Friday, December 28, 2012

Unfinished business: Coffea arabica

Okay! The process of propagating Coffea arabica by seed has officially begun. Not that I'm trying to germinate them now or anything. Judging by the information I've found on-line, this is going to be a fairly long (potentially eight months?!) process, and we've only just begun. But, we're at least officially underway now.

First, I cut the cherries off the plant. Got ten of them in all; nine had two seeds, and the tenth had one seed, plus a tiny stunted seed that I threw away because it was obviously not going anywhere, for a total of nineteen.

Then, I cut through the skin and peeled it off of the seeds.

As I'd heard that coffee cherries were edible, I was excited to taste one for the first time. It was . . . disappointing. The husband and I agreed that the experience basically goes like this: first there's a brief initial mild pleasant sweetness that doesn't taste like anything in particular. Then there's a much stronger, longer-duration taste that strongly resembles a bell pepper, or bell pepper combined with freshly-mown grass. Then at the very end, there's a strong bitter aftertaste that doesn't last very long. The experience overall isn't terrible, but it didn't leave me with a strong desire to keep eating them, either. Schlumbergera fruits are better. (Though still not very good.)

The texture's also sort of a problem: the skin is tough (a little tougher than a cherry's skin: it might be closer to a plum), and just inside the skin there's a layer of stringy stuff that I can't think of a good comparison for. Then there's a clear thicker layer under that, with the approximate consistency of the interior of a grape. I don't know if you're supposed to eat that part too or not: I didn't try, because it was pretty firmly attached to the seed.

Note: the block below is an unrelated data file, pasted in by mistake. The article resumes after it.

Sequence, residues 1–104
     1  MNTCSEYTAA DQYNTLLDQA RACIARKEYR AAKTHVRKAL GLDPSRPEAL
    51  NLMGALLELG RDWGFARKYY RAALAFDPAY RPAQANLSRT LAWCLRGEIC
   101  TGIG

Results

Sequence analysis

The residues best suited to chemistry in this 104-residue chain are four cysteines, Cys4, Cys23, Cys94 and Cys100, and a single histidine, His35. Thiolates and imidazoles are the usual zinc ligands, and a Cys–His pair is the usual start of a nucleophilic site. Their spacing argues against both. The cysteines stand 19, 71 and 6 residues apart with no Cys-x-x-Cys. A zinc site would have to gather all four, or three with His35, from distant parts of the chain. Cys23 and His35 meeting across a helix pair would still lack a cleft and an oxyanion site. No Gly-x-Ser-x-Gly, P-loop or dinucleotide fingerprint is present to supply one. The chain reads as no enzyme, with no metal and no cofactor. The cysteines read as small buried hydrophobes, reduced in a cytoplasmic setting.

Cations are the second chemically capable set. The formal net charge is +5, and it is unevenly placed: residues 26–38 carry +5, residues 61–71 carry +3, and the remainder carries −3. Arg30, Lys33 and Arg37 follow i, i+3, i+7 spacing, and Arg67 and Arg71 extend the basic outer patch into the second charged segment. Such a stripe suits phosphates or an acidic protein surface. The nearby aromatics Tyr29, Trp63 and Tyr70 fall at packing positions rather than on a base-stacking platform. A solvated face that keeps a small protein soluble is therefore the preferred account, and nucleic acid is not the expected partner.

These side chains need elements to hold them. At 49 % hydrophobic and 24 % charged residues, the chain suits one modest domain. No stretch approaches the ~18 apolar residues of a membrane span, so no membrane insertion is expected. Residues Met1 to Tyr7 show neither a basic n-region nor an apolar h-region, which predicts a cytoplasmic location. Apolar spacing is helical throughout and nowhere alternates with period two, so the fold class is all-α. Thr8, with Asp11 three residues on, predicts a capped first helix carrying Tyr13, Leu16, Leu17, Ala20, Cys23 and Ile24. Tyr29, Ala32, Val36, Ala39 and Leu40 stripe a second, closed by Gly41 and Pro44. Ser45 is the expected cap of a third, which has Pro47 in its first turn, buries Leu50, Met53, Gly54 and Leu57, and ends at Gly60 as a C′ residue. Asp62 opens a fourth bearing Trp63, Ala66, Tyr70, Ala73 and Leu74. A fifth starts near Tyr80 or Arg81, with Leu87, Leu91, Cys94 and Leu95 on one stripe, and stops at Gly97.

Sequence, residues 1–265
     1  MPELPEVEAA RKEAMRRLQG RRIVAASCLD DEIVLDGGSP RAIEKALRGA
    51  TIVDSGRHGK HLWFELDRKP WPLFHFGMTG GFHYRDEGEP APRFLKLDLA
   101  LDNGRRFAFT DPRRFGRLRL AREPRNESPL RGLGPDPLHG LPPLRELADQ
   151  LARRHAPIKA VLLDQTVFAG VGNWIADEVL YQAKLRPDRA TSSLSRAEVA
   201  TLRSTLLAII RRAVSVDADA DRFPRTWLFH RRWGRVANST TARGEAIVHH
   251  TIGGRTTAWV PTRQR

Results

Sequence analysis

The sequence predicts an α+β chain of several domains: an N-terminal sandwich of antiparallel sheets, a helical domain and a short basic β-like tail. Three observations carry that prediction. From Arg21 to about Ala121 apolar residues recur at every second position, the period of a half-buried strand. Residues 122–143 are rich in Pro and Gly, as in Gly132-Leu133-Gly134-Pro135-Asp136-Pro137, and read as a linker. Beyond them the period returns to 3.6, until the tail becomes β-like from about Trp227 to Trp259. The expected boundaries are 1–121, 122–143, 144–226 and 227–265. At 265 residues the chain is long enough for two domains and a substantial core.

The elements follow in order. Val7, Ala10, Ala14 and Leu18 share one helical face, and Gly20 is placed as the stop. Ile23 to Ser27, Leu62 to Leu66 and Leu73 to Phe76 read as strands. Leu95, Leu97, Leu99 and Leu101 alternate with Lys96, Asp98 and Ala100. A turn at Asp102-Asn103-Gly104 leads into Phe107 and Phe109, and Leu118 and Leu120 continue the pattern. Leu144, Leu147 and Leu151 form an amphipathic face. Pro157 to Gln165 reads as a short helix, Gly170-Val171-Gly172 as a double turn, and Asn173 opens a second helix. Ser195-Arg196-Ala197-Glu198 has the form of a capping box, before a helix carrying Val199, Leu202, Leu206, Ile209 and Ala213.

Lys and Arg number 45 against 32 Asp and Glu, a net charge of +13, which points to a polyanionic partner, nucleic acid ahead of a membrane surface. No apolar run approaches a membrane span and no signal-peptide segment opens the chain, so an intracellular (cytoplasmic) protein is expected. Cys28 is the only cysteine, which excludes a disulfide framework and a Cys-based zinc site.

Top: skins without the seeds. Bottom left: fruits with seeds still inside. Bottom right: seeds separated from skins. The stunted not-quite-a-seed seed is at the top left of the pile of seeds.

The next step involved soaking them in water for two days. The grape-like stuff either partly dissolved in the water, or the seed inside expanded, because the layer got thinner. It didn't disappear entirely, though I think it was supposed to?

A lot of the seeds had some stringy bits attached; I don't know what it was, but it ran in between the two seeds in each fruit, and because the seeds were really slippery (also similar to the inside of a grape), I didn't bother trying to get it off of them. It came off after they soaked anyway.

After two days, I washed them off again (losing one seed down the sink drain in the process). The next step is apparently to let them dry, out of direct sun, for eight weeks, so nothing further will happen until 19 February.

The seeds stuck to the paper towel when I put them on, and some of the paper towel came off when I pulled them free so I could group them together for the picture. It looks like fungus, but it's not. Just so you know.

On 19 February, I get to pre-soak them in water again for 24 hours and plant them in damp vermiculite on the 20th. If any of them are going to germinate, they should do so somewhere between May 1 and late August, though a lot of people report very low germination percentages. I'm trying not to get my hopes up. This all feels like an awful lot of trouble to go to (If I want more small Coffea plants, they're easy enough to find, and not terribly expensive.), but . . . well, actually, I don't have anywhere to go with that: it's just an awful lot of trouble to go to.

This is all based on the recommendations of a page I can't find anymore, and may or may not be the best way to do this. It's apparently more standard for people to separate the seeds from the fruit, clean them up, and plant them more or less immediately. I'm going the long way around partly because the person who recommended this way said that they got better germination than the people who do it the other way (many of whom complained that they don't get much germination at all). We'll see.

1 comment:

Mae said...

You unfortunately didn't have enough seeds to take advantage of the law of large numbers but it would have been interesting to plant some immediately and some after your above process then compare germination rates. Knowing nothing about coffee myself I ignorantly expected the seeds to be dark brown!